Amahi Media Server

About six months ago my MediaSmart Home Server started acting strangely.  I did quite a bit of research and my conclusion was that the new software I installed about a year ago (which gave it a ton more functionality) was kind of bloated for the underpowered hardware.

What to do?  I love my home server, I love the fact that it did backups and all kinds of nice little things, but honestly in the 4 years I’ve had it, I’ve only used the backup features twice (once to save a corrupt hard drive, once to save Char’s computer from a virus).  Other than that it worked as a NAS and a media collector.

As a NAS it was wonderful, until a hard drive failure made me lose a few files.  That was irritating.  As a media collector it was horrible, duplicating files and creating a labyrinthian file structure that hurt my face.

Plus my needs have changed.  I don’t like having a separate PVR in my house sucking up power, I have a Boxee and an Apple TV in my house now, and I’m sure there are wonderful things they can do as well.  Wouldn’t it be great if I could have a cheap secondary NAS to do all of my backups to (maybe 2TB of RAID1 duplication), and on top of that have a second NAS that could do media collection and PVR everything?  What would be extra cool is if it could do it with my extremely power conscious hardware and maybe take 2-3 computers out of our equation here in the homestead.  As an added benefit, if I can figure out how to do all of this via the internet, I can probably cut the cord.

The first part was to buy a DLink DNS-323, it’s a little NAS box that has 2 drive bays, is incredibly hackable, and has a bunch of different little features in it.  It’s Linux based, so in order to do cool things, I’d need to break out my long dormant bash skills, but I love a challenge.

I mounted the box, got a hard drive in there, and went out to find some of the features I’d need to make the box better.  I added the FireFly media server, a dynamic DNS server, and an update to create better SMB (regular networking) shares.  It was dead simple, and probably the best $100.00 I could have spent.  I moved my files over without much effort and then looked at my Home Server.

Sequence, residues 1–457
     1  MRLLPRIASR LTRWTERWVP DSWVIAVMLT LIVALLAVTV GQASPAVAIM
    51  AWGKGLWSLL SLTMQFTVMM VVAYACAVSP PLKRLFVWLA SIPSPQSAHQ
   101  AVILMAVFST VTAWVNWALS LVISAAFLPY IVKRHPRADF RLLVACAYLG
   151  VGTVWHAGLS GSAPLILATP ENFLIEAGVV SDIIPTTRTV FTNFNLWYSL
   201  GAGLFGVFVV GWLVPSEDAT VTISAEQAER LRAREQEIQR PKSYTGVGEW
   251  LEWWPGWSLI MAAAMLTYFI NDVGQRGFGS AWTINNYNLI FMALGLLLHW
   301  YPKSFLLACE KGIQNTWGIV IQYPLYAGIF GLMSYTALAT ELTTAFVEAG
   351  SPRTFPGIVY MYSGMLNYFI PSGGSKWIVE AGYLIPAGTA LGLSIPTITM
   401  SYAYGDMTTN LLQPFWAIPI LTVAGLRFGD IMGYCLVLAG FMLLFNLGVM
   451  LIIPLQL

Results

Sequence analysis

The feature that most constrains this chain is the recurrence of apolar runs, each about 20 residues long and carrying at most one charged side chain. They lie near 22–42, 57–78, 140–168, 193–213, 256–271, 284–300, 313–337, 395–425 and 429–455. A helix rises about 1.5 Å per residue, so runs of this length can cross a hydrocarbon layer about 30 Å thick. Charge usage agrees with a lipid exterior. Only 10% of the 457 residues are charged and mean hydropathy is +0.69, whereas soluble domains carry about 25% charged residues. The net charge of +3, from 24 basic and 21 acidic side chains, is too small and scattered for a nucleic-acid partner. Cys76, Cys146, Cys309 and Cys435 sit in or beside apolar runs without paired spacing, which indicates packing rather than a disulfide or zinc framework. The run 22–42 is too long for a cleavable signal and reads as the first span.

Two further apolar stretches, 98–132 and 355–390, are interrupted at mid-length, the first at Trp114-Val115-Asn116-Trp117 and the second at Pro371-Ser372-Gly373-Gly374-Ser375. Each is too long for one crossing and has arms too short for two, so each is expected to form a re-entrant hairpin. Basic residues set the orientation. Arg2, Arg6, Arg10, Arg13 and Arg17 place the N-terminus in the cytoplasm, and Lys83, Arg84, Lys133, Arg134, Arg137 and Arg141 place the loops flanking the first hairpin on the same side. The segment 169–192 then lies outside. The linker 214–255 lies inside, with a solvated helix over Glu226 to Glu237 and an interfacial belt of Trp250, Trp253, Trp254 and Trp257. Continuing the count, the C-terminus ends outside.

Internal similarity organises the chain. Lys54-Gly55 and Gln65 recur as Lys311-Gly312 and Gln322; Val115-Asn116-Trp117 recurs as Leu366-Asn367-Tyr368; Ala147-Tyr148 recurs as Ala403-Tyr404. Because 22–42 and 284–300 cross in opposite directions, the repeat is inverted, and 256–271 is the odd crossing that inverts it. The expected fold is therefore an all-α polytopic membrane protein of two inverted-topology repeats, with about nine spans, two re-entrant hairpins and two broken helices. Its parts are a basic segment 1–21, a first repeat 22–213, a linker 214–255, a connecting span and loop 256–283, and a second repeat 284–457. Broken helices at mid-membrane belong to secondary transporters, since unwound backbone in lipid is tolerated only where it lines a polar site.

So now I have this beautiful piece of hardware that is essentially a brick.  What to do with it?  Enter Amahi.  I’ve been reading about it for a while, it’s a lightweight server based on Fedora Linux with a slick web interface.  It does regular NAS stuff, allows for automated scheduled backups of computers, and has some extra things like SickBeard (automated download of TV shows) integration.

I downloaded and installed it according to the instructions on How To Geek: Upgrade Your MediaSmart Home Server, and everything worked pretty much as advertised.  I then put the drive in my Home Server, and had it configured to do some cool things.



Up first, SickBeard, which schedules downloads of TV shows.



Up next, SABnzbd, which goes out to (***some place special on the internet***) downloads the files, unpacks them, and stores them in a file.  The average TV show takes about 3 minutes to download.

So how does it work?  After the first week it’s recorded all of our TV shows, saved them to the network share, and we can watch them in the basement on the Boxee Box.

Where do we go from here?  Well first up, I’m getting a new internet connection.  While I have no problems with Rogers, from a technical point of view, I HATE doing the constant mental calculations about how close to my limit I am and whether I can download that ISO from Technet, or if I can download that game on the PSN.  I’m going with TechSavvy, and I’ll probably cut the cord once we get our HD Antennas working properly.